Lens

06/26/2012 | | Staff Writer | Lens
Did you know Shavuot was last week? You knew it if you were on Mount Gerizim, the biblical site on the West Bank near Nablus. The Samaritans, descendants of Jewish tribes who were exiled from the Promised Land nearly three millennia ago and who observe aspects of the ancient Israelite religion and culture, start counting the seven-week period between Passover and Shavuot on the first Shabbat after Pesach, instead of on the second night of Pesach, the Jewish tradition. Hence the Samaritan Shavuot always falls on Sunday — June 24 this year.
06/19/2012 | | Staff Writer | Lens

Few sanctuaries are as fabulous as that of the Upper West Side’s Congregation Shearith Israel, also known as the Spanish and Portuguese Synagogue, where North America’s oldest congregation prays amid marble columns, crimson carpet and soaring balconies.

Determined to fully exploit the space’s dramatic potential, Storahtelling — the nonprofit acting troupe that takes the Bible as its script — took the shul over last week to educate, to entertain, and to pass the hat a bit.

06/12/2012 | Staff Writer | Lens

Nobel Peace laureate Elie Wiesel, in an intergenerational dialogue with seven current and former participants in The Jewish Week’s Write On For Israel program Monday evening, encouraged young people to fight indifference.

“The opposite of love is not hate,” he said, “but indifference. Apathy is the downfall of … life; it cannot be an option.”

06/05/2012 | | Staff Writer | Lens

A parade is on the street, right? Not always, says Yevgeny Osherov, a Russian émigré via Israel who organized Celebrate Israel’s first counterpart parade on the water this past Sunday. While most Celebrate Israel participants marched up Fifth Avenue, Osherov and about 15 members of his “Russian Yacht Club,” hoisted Israeli flags while sailing together from the Statue of Liberty to the United Nations, where they played Hatikvah, the Israeli national anthem.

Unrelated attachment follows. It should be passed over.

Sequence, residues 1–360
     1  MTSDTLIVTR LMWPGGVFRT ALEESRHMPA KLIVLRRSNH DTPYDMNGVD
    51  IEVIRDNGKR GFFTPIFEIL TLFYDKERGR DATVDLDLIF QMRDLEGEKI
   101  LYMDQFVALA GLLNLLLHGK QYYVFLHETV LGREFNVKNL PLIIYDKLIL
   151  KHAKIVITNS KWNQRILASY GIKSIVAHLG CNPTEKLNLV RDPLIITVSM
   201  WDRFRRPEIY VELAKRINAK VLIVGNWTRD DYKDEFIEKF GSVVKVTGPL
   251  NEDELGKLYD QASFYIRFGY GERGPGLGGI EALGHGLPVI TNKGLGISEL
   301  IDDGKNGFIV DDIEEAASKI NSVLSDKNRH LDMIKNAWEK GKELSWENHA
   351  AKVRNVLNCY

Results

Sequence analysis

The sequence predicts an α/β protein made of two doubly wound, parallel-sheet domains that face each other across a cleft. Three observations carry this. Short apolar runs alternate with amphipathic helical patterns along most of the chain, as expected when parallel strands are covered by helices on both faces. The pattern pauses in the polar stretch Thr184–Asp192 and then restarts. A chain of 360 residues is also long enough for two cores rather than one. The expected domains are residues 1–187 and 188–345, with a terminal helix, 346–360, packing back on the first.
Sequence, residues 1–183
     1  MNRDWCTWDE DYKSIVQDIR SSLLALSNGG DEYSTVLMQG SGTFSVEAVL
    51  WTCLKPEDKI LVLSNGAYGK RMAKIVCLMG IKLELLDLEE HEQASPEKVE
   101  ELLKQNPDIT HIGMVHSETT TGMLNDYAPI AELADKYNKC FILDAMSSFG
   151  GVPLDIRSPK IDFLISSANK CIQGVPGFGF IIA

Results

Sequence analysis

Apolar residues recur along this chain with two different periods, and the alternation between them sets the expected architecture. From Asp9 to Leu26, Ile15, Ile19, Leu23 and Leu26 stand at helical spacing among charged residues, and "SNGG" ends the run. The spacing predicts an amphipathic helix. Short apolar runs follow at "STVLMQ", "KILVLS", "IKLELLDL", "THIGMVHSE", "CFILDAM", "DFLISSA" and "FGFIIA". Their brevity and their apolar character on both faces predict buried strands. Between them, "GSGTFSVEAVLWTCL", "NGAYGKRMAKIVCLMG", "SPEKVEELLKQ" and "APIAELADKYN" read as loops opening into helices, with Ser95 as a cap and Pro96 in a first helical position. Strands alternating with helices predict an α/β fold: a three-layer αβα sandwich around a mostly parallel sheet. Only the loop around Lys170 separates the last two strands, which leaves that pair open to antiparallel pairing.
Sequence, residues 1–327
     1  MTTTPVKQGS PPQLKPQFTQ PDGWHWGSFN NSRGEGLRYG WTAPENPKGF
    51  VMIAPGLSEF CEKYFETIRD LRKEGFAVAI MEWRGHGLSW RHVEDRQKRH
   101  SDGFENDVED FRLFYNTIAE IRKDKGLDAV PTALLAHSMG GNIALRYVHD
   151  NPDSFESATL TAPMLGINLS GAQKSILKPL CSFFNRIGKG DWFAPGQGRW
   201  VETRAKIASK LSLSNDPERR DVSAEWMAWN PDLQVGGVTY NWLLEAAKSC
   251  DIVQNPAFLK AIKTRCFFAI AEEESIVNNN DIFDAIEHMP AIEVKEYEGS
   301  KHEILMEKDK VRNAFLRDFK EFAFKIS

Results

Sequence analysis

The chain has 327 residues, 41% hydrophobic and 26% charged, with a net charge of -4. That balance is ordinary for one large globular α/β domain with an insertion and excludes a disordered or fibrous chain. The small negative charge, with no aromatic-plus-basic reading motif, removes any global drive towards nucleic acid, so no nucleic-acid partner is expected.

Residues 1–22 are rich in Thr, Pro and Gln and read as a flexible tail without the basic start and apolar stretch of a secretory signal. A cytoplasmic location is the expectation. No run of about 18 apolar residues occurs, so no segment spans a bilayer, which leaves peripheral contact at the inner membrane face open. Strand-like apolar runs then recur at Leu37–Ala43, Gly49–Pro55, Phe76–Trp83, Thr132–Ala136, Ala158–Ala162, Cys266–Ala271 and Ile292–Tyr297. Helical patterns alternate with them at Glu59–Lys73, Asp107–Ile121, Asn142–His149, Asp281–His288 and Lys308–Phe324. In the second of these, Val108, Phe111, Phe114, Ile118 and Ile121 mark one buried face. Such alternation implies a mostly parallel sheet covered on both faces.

05/29/2012 | | Staff Writer | Lens

Most girls, especially tweens, are not thinking about other people when they’re getting a haircut. It’s a time of life when the pressure to look a certain way, to measure up to the standards of both friends and crushes, is intense.

But last week, a group of about 17 girls, students at the Upper East Side’s Ramaz School, defied that pressure to donate at least eight inches of their hair to Zichron Menachem, an Israeli organization that makes wigs for young cancer patients.

05/22/2012 | | Staff Writer | Lens

The first Yom Yerushalayim was a military victory.

On June 7, 1967 (Iyar 28 on the Hebrew calendar), a Wednesday, Israeli soldiers captured the Old City of Jerusalem, reuniting the capital that had been divided, under Jordanian control since the 1948 War of Independence.

Jerusalem Day was born, observed, by order of the country’s Chief Rabbinate, with prayers of thanks.